History of stamps

While looking through the Radio 4 ‘A history of the world in 100 objects’ I came across an episode about Korean roof tile made eighth century AD, this is an extract from that recording.

I’ve got the tile in my hand now. It’s about the size of a large old-fashioned roof slate, so just under a foot (30 cm) square, and it’s made of heavy cream-coloured clay. The top and the sides are edged with a roughly decorated border, and in the middle of the tile is a fearsome face looking straight out at me. It’s got a squashed nose, bulging eyes, small horns, and abundant whiskers. In fact, the face looks like a cross between a Chinese dragon and a Pekingese dog, and not friendly at all! It looks a bit like an oriental gargoyle, and that is pretty well what it was. It would have had a similar position to a gargoyle, high up on a temple or a grand house. The features of the face when you look at them closely are pretty rough, and it’s obvious that it’s been made by pushing the wet clay into a fairly simple mould. This is clearly a mass-produced object. But that is why it’s so interesting, because this is just one of tens of thousands designed to cover roofs that would once have been thatched, but in prosperous Silla Korea, were tiled with objects like this.

What caught my eye with this extract was the method they used to mass produce these tiles, pushing wet clay into moulds. This must be one of the earliest examples of using relief methods which is similar to stamping to mass produce products.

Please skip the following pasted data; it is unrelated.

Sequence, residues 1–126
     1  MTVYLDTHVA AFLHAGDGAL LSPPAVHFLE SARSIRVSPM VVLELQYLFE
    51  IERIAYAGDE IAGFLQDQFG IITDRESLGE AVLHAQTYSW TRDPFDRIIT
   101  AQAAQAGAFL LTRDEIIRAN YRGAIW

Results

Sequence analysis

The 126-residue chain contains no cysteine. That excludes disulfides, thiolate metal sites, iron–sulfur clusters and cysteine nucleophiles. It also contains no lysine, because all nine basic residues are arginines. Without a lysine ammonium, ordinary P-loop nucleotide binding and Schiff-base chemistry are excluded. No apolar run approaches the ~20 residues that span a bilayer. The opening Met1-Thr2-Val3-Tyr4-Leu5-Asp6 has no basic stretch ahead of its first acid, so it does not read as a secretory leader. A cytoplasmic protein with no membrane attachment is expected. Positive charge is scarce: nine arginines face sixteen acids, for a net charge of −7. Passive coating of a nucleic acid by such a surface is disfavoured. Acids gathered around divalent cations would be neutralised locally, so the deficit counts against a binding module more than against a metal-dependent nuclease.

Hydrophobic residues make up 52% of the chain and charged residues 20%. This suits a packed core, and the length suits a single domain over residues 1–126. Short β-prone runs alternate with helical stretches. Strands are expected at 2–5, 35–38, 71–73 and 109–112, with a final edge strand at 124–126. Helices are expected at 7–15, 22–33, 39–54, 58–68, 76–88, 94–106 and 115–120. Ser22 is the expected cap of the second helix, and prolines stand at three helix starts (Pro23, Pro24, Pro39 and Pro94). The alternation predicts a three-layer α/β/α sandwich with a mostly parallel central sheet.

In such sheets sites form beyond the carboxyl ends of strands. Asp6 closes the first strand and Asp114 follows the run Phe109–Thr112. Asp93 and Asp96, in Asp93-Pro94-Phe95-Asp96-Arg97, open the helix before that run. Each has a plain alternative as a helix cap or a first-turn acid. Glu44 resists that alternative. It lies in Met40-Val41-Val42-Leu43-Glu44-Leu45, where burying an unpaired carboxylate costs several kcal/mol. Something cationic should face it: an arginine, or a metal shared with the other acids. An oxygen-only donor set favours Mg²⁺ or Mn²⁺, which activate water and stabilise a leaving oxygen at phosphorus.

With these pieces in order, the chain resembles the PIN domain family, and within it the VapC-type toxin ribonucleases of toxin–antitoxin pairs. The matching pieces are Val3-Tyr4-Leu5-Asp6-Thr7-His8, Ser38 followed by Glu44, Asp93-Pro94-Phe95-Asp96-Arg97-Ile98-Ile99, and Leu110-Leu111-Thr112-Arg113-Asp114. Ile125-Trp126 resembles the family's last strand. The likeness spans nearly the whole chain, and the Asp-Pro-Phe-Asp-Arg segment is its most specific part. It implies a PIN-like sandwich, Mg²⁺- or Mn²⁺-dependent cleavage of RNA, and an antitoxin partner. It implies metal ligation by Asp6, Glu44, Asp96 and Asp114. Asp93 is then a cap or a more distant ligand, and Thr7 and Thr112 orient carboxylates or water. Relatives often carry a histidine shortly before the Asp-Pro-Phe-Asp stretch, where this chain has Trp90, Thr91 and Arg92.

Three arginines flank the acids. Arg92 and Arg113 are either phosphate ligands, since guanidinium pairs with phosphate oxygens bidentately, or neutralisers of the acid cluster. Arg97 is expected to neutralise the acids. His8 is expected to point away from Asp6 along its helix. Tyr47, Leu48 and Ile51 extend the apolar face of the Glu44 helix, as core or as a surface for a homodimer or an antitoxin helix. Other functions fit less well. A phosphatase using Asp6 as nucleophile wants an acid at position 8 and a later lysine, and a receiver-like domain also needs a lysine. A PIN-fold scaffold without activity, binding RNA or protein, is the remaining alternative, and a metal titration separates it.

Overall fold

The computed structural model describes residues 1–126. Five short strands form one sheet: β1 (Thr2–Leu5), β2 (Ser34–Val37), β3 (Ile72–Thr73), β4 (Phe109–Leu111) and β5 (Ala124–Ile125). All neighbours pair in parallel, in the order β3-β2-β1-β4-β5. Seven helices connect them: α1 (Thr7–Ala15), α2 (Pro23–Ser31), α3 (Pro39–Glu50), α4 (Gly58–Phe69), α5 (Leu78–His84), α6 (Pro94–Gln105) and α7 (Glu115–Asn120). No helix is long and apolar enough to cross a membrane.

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I also came across this which is a bread stamp, Bread identified by such stamps were used for the consecrated bread in the Divine Liturgy (Eucharist), this is the ritual which occur in churches today still when bread is given to remind us of the body of Christ and wine is given to remind us of the blood of Christ. This practice was performed over 3500 years ago in Christian ecclesiastic usage where bread was stamped ( the possible method they used to stamp the bread would be letting the bread prove on the stamp) but this also happened out side of this ritual to brand the bakers bread, this would be useful when the bread was being distributed as a political act.

In addition during Pre-Christian periods bread was stamped with the symbols of various deities and given during religious festivals associated with those gods and goddesses. Lastly some stamps are thought to be purely decorative in nature. Stamps such as this, and even more those with personal names attached, provide important insights into the day to day lives of people in antiquity. The food they ate, its significance to them, and a material reminder of the very human nature of the work that archaeology undertakes is all encoded in objects.

It’s clear that stamps have been revolutionary for many aspects of very early history and it’s still a very popular method today, I’ve see that relief work in ceramics will still be very popular in the coming years and also wax seal stamps will be in fashion again and modernised.

 

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